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Acta Biomater. 2017 Mar 15;51:461-470. doi: 10.1016/j.actbio.2017.01.004. Epub 2017 Jan 4.

Deep-penetrating photodynamic therapy with KillerRed mediated by upconversion nanoparticles.

Author information

1
ARC Centre of Excellence for Nanoscale BioPhotonics, Macquarie University, North Ryde, Sydney, NSW 2109, Australia; Department of Biomedical Sciences, Macquarie University, North Ryde, Sydney, NSW 2109, Australia.
2
ARC Centre of Excellence for Nanoscale BioPhotonics, Macquarie University, North Ryde, Sydney, NSW 2109, Australia; Department of Physics and Astronomy, Macquarie University, North Ryde, Sydney, NSW 2109, Australia.
3
ARC Centre of Excellence for Nanoscale BioPhotonics, Macquarie University, North Ryde, Sydney, NSW 2109, Australia. Electronic address: run.zhang@mq.edu.au.
4
ARC Centre of Excellence for Nanoscale BioPhotonics, Macquarie University, North Ryde, Sydney, NSW 2109, Australia.
5
Department of Physics and Astronomy, Macquarie University, North Ryde, Sydney, NSW 2109, Australia.
6
Shemyakin & Ovchinnikov Institute of Bioorganic Chemistry of the Russian Academy of Sciences, Moscow 117997, Russia; National Research Tomsk Polytechnic University, Tomsk 634050, Russia.
7
Department of Biomedical Sciences, Macquarie University, North Ryde, Sydney, NSW 2109, Australia.
8
ARC Centre of Excellence for Nanoscale BioPhotonics, Macquarie University, North Ryde, Sydney, NSW 2109, Australia; Department of Physics and Astronomy, Macquarie University, North Ryde, Sydney, NSW 2109, Australia; Laboratory of Optical Theranostics, N. I. Lobachevsky State University of Nizhny Novgorod, Nizhny Novgorod 603950, Russia; Institute for Regenerative Medicine, Sechenov First Moscow State Medical University, Moscow 119991, Russia. Electronic address: andrei.zvyagin@mq.edu.au.

Abstract

The fluorescent protein KillerRed, a new type of biological photosensitizer, is considered as a promising substitute for current synthetic photosensitizes used in photodynamic therapy (PDT). However, broad application of this photosensitiser in treating deep-seated lesions is challenging due to the limited tissue penetration of the excitation light with the wavelength falling in the visible spectral range. To overcome this challenge, we employ upconversion nanoparticles (UCNPs) that are able to convert deep-penetrating near infrared (NIR) light to green light to excite KillerRed locally, followed by the generation of reactive oxygen species (ROS) to kill tumour cells under centimetre-thick tissue. The photosensitizing bio-nanohybrids, KillerRed-UCNPs, are fabricated through covalent conjugation of KillerRed and UCNPs. The resulting KillerRed-UCNPs exhibit excellent colloidal stability in biological buffers and low cytotoxicity in the dark. Cross-comparison between the conventional KillerRed and UCNP-mediated KillerRed PDT demonstrated superiority of KillerRed-UCNPs photosensitizing by NIR irradiation, manifested by the fact that ∼70% PDT efficacy was achieved at 1-cm tissue depth, whereas that of the conventional KillerRed dropped to ∼7%.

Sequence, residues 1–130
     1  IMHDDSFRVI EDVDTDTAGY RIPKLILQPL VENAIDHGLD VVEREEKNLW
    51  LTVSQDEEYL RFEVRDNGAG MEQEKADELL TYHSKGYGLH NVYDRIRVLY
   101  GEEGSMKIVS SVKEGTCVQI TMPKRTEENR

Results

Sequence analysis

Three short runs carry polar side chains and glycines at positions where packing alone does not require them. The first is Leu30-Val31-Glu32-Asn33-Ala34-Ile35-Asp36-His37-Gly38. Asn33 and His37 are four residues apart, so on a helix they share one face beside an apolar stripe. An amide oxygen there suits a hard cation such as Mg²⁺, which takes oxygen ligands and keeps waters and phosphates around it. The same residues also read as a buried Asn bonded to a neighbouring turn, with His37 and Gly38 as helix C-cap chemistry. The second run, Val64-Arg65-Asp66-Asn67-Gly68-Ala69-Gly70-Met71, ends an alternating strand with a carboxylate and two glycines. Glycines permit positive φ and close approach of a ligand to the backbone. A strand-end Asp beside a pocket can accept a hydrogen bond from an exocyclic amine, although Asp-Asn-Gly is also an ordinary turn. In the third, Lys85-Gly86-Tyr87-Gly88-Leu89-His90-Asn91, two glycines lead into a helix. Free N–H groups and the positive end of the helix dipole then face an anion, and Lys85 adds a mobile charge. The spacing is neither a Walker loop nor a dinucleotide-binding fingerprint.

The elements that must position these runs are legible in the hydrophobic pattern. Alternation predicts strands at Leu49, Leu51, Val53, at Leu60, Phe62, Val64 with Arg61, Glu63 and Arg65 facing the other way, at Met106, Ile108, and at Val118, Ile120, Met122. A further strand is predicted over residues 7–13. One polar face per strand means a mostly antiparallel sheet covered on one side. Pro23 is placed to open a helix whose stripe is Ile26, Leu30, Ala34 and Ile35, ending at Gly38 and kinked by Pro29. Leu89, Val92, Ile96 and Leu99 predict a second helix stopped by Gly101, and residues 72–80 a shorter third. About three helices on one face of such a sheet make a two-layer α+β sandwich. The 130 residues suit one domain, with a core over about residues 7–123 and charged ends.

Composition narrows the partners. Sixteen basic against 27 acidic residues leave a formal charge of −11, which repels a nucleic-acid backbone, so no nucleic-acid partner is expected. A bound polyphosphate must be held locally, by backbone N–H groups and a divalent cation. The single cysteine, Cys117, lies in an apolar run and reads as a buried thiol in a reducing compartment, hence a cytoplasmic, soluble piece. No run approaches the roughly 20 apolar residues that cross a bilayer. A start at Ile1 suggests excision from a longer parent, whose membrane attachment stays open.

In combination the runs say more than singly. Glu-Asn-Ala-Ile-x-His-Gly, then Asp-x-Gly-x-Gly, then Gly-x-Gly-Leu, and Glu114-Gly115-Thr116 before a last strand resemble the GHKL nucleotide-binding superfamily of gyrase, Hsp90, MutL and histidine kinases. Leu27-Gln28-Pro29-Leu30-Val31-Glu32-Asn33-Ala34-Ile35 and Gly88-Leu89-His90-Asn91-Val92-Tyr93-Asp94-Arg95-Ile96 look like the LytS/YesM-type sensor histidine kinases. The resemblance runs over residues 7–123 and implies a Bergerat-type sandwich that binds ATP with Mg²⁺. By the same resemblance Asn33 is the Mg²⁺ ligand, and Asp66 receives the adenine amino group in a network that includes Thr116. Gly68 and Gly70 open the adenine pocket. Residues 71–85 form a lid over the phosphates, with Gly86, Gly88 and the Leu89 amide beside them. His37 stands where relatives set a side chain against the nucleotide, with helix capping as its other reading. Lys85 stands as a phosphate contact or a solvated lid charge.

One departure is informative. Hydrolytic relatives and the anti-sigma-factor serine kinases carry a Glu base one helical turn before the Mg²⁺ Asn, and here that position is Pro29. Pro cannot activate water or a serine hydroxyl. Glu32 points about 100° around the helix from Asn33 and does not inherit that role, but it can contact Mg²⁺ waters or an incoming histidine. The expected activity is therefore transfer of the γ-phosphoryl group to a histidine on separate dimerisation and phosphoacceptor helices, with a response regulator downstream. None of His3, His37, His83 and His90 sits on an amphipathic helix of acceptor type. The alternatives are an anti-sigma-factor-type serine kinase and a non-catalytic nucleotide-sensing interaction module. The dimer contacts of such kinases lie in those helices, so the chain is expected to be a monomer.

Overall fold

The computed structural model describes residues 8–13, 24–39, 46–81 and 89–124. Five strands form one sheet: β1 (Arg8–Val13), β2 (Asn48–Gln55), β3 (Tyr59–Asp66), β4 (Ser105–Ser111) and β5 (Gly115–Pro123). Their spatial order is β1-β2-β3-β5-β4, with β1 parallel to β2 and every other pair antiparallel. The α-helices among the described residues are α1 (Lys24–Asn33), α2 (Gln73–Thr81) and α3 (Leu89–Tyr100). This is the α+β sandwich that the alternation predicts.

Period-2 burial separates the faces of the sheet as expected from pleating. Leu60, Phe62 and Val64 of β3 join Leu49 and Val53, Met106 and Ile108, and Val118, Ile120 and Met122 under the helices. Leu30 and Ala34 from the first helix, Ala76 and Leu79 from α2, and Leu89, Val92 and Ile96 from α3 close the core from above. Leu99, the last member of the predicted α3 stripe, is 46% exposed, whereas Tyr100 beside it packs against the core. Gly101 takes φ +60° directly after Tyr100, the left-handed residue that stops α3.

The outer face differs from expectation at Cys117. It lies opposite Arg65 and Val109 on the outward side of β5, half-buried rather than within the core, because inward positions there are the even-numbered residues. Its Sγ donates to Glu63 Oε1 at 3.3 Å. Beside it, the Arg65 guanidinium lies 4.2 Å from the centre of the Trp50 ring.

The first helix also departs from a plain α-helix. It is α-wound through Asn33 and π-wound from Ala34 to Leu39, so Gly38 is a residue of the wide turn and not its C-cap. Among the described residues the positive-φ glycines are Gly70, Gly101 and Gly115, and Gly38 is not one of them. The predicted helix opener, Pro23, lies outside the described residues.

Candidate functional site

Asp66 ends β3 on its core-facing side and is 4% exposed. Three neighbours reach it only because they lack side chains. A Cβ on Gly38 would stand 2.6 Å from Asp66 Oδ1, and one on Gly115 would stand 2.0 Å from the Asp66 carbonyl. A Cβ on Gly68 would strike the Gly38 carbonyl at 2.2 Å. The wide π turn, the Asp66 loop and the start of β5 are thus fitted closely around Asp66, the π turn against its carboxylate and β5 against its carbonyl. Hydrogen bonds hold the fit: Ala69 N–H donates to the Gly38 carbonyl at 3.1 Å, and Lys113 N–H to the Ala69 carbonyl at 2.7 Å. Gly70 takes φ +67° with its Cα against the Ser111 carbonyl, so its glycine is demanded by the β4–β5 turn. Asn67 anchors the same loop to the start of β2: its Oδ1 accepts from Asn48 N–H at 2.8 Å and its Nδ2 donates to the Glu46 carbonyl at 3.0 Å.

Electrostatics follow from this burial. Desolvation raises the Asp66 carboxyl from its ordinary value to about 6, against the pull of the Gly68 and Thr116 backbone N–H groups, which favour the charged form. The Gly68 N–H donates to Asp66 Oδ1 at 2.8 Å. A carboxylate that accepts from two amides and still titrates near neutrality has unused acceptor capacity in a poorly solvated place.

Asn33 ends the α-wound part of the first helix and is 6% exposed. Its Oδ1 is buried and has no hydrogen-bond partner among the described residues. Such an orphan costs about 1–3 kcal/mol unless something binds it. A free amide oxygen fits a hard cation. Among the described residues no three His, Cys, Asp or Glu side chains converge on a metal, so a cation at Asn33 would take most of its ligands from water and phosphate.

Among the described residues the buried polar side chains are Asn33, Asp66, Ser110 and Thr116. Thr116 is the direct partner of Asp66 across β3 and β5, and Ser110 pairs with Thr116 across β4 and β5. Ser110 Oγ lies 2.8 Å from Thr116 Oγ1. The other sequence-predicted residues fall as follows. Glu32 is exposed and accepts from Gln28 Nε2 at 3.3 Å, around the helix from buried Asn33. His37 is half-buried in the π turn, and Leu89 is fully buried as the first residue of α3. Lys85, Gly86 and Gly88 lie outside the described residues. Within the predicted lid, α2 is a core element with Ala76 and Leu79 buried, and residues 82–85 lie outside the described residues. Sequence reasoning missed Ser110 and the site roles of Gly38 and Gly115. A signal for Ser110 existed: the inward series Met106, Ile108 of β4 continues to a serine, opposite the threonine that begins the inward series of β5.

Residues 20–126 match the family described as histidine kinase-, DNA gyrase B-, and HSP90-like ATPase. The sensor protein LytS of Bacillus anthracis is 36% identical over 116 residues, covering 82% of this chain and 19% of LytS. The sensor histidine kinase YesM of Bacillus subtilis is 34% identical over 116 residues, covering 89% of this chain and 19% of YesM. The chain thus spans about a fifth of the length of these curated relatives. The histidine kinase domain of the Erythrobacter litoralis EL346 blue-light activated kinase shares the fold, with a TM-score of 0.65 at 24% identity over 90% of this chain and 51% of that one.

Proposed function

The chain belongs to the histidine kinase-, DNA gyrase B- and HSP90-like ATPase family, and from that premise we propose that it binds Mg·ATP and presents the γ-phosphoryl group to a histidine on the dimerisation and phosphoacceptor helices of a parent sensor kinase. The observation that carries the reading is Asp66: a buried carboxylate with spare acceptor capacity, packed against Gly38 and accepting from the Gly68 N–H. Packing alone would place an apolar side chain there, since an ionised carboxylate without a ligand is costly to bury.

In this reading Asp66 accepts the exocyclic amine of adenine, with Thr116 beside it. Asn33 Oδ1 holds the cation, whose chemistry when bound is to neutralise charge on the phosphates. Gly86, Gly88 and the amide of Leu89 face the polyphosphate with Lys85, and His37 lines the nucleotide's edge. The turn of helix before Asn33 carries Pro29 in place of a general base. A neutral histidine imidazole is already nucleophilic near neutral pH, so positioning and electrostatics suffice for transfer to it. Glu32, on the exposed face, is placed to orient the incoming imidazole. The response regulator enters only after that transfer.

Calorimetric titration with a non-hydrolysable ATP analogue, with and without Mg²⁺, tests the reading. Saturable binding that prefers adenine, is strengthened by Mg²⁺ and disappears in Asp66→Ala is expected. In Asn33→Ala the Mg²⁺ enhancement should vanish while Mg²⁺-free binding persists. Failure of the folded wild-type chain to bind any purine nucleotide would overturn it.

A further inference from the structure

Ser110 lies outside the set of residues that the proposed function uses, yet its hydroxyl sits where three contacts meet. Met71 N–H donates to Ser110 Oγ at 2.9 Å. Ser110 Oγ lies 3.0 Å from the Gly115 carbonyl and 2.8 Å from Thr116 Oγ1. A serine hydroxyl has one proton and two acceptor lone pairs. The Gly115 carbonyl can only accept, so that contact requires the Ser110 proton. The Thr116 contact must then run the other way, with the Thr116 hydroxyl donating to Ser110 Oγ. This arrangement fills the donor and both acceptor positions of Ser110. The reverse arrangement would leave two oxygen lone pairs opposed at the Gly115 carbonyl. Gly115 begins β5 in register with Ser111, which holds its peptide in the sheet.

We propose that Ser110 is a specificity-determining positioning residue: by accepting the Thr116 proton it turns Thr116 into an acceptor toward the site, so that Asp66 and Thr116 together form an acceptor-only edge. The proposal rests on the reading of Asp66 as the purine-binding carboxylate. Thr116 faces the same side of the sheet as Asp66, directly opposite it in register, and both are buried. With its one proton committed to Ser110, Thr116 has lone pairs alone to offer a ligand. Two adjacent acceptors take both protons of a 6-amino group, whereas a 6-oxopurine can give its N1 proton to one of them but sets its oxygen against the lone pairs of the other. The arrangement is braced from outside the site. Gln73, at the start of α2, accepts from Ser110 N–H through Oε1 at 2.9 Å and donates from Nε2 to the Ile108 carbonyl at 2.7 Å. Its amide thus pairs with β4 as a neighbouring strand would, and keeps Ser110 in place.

STATEMENT OF SIGNIFICANCE:

KillerRed is a protein photosensitizer that holds promise as an alternative for the existing hydrophobic photosensitizers that are widely used in clinical photodynamic therapy (PDT). However, applications of KillerRed to deep-seated tumours are limited by the insufficient penetration depth of the excitation light in highly scattering and absorbing biological tissues. Herein, we reported the deployment of upconversion nanoparticles (UCNPs) to enhance the treatment depth of KillerRed by converting the deep-penetrating near-infrared (NIR) light to upconversion photoluminescence and activating the PDT effect of KillerRed under deep tissues. This work demonstrated clear potential of UCNPs as the NIR-to-visible light converter to overcome the light penetration limit that has plagued PDT application for many years.

KEYWORDS:

Energy transfer; Photodynamic therapy; Photosensitizing protein; Reactive oxygen species; Upconversion nanoparticles

PMID:
28063989
DOI:
10.1016/j.actbio.2017.01.004
[Indexed for MEDLINE]

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